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More Moons around Jupiter & Saturn

Astronomers have recently discovered several more moons in our Solar System. Scott Sheppard and David Jewitt of the University of Hawaii and Jan Kleyna of Cambridge University announced the discovery of eight new moons of Jupiter and one new moon of Saturn. Jupiter now has 60 known moons and Saturn has 31 moons that have been discovered to date. The new moons were discovered using telescopes on the top of the volcano Mauna Kea in Hawaii.

The eight newest moons of Jupiter will be known as S/2003 J13 through J20 for now; permanent names will be assigned later. All eight are very small, having diameters of about two to three kilometers (a mile or two). Sheppard, Jewitt, and Kleyna had discovered 12 new moons of Jupiter earlier this year. Astronomers think there may be as many as 100 moons with diameters of one kilometer or larger orbiting Jupiter, so don't be surprised if more moons of the Solar System's largest planet are discovered soon!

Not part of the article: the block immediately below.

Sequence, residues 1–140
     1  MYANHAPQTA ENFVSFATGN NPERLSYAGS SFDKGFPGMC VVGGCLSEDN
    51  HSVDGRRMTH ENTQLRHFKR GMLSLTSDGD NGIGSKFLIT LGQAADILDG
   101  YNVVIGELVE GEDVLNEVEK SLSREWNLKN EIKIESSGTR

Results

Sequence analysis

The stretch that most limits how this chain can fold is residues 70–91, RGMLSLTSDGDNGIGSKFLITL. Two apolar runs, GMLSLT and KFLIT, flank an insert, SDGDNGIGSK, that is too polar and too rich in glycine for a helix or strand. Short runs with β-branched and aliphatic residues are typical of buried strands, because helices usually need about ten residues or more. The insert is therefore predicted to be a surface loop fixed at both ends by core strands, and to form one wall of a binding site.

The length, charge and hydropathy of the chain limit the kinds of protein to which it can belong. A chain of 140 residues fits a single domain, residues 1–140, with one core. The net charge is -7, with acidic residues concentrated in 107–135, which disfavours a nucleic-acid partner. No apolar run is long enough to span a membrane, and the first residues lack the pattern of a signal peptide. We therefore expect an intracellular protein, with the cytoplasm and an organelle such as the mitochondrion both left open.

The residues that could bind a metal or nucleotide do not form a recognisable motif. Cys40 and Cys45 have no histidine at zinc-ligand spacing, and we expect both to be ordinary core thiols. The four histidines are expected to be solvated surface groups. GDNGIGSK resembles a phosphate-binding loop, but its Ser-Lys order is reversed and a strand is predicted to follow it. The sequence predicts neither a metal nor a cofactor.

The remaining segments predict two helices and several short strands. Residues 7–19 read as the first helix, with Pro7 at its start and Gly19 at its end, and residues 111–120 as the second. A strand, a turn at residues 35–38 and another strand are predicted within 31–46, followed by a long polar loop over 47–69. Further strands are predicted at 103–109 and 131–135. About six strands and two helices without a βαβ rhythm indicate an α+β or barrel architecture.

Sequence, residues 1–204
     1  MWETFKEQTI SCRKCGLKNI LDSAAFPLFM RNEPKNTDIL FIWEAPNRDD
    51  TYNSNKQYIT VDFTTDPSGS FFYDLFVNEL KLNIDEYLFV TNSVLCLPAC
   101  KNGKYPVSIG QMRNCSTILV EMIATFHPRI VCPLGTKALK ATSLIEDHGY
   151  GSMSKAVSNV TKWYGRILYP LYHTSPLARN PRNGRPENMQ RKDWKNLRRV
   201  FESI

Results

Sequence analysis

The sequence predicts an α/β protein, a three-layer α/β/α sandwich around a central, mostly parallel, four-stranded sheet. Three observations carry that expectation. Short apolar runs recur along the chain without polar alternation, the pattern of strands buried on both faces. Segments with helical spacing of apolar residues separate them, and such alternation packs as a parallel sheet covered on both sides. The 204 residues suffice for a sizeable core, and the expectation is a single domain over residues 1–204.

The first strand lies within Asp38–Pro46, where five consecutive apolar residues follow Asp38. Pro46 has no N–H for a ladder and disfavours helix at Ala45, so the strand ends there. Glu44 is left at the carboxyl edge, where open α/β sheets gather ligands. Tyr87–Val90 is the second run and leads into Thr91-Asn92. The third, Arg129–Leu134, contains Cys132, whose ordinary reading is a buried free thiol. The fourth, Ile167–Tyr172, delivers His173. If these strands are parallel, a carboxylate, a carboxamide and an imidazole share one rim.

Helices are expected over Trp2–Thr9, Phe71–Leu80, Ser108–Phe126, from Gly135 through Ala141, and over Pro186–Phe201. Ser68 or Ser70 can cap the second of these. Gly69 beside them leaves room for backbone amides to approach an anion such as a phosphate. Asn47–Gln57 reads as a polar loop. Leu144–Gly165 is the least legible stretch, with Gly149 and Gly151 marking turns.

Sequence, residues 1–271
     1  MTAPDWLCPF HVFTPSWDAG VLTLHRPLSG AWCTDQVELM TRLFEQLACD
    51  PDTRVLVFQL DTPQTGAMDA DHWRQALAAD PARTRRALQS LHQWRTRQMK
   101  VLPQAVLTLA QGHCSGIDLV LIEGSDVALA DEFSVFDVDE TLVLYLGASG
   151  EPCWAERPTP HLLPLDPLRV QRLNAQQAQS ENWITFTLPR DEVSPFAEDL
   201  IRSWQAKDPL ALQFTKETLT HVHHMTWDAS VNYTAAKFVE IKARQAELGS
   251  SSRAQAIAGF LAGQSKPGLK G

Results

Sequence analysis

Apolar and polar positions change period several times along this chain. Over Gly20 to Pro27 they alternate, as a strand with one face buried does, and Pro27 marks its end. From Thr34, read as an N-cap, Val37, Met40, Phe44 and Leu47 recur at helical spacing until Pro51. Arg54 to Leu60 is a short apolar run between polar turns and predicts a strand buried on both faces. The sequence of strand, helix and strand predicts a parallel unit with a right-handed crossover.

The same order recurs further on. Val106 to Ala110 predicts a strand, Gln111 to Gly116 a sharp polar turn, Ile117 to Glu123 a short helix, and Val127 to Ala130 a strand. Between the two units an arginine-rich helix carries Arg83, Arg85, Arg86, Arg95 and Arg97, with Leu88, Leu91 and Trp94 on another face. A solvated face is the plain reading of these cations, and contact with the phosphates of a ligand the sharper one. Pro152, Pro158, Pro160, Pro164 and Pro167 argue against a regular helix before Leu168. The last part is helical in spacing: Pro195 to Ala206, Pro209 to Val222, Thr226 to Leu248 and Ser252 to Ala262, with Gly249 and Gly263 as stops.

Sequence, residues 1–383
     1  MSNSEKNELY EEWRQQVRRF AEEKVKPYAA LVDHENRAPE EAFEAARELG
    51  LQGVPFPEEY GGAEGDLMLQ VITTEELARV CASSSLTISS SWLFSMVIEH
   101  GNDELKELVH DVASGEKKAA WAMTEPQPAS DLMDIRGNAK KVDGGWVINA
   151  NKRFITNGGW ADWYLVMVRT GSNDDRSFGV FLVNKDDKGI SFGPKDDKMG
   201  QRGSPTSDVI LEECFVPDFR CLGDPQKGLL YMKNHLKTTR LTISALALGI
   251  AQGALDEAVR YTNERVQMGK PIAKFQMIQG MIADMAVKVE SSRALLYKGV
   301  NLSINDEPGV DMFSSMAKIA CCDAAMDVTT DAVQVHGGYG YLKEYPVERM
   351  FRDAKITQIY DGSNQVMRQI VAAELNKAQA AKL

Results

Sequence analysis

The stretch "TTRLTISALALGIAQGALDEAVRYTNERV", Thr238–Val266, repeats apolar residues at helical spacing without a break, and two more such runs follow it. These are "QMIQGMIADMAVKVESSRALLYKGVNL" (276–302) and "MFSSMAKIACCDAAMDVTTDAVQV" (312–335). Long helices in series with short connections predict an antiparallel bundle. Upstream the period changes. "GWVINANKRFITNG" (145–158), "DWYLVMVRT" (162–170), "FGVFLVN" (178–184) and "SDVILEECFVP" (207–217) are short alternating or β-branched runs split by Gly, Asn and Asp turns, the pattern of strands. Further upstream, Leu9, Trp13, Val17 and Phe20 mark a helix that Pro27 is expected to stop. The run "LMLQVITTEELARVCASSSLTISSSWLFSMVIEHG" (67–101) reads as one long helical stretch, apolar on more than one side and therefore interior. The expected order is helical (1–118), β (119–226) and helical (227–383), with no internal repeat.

The new moon of Saturn is known as S/2003 S1 for now. It is about eight kilometers (five miles) across, and is the first new moon of Saturn discovered since December 2000. Scientists think the Cassini spacecraft may discover many more moons orbiting Saturn when it arrives at and goes into orbit around the ringed planet in 2004.

Last modified April 17, 2003 by Randy Russell.

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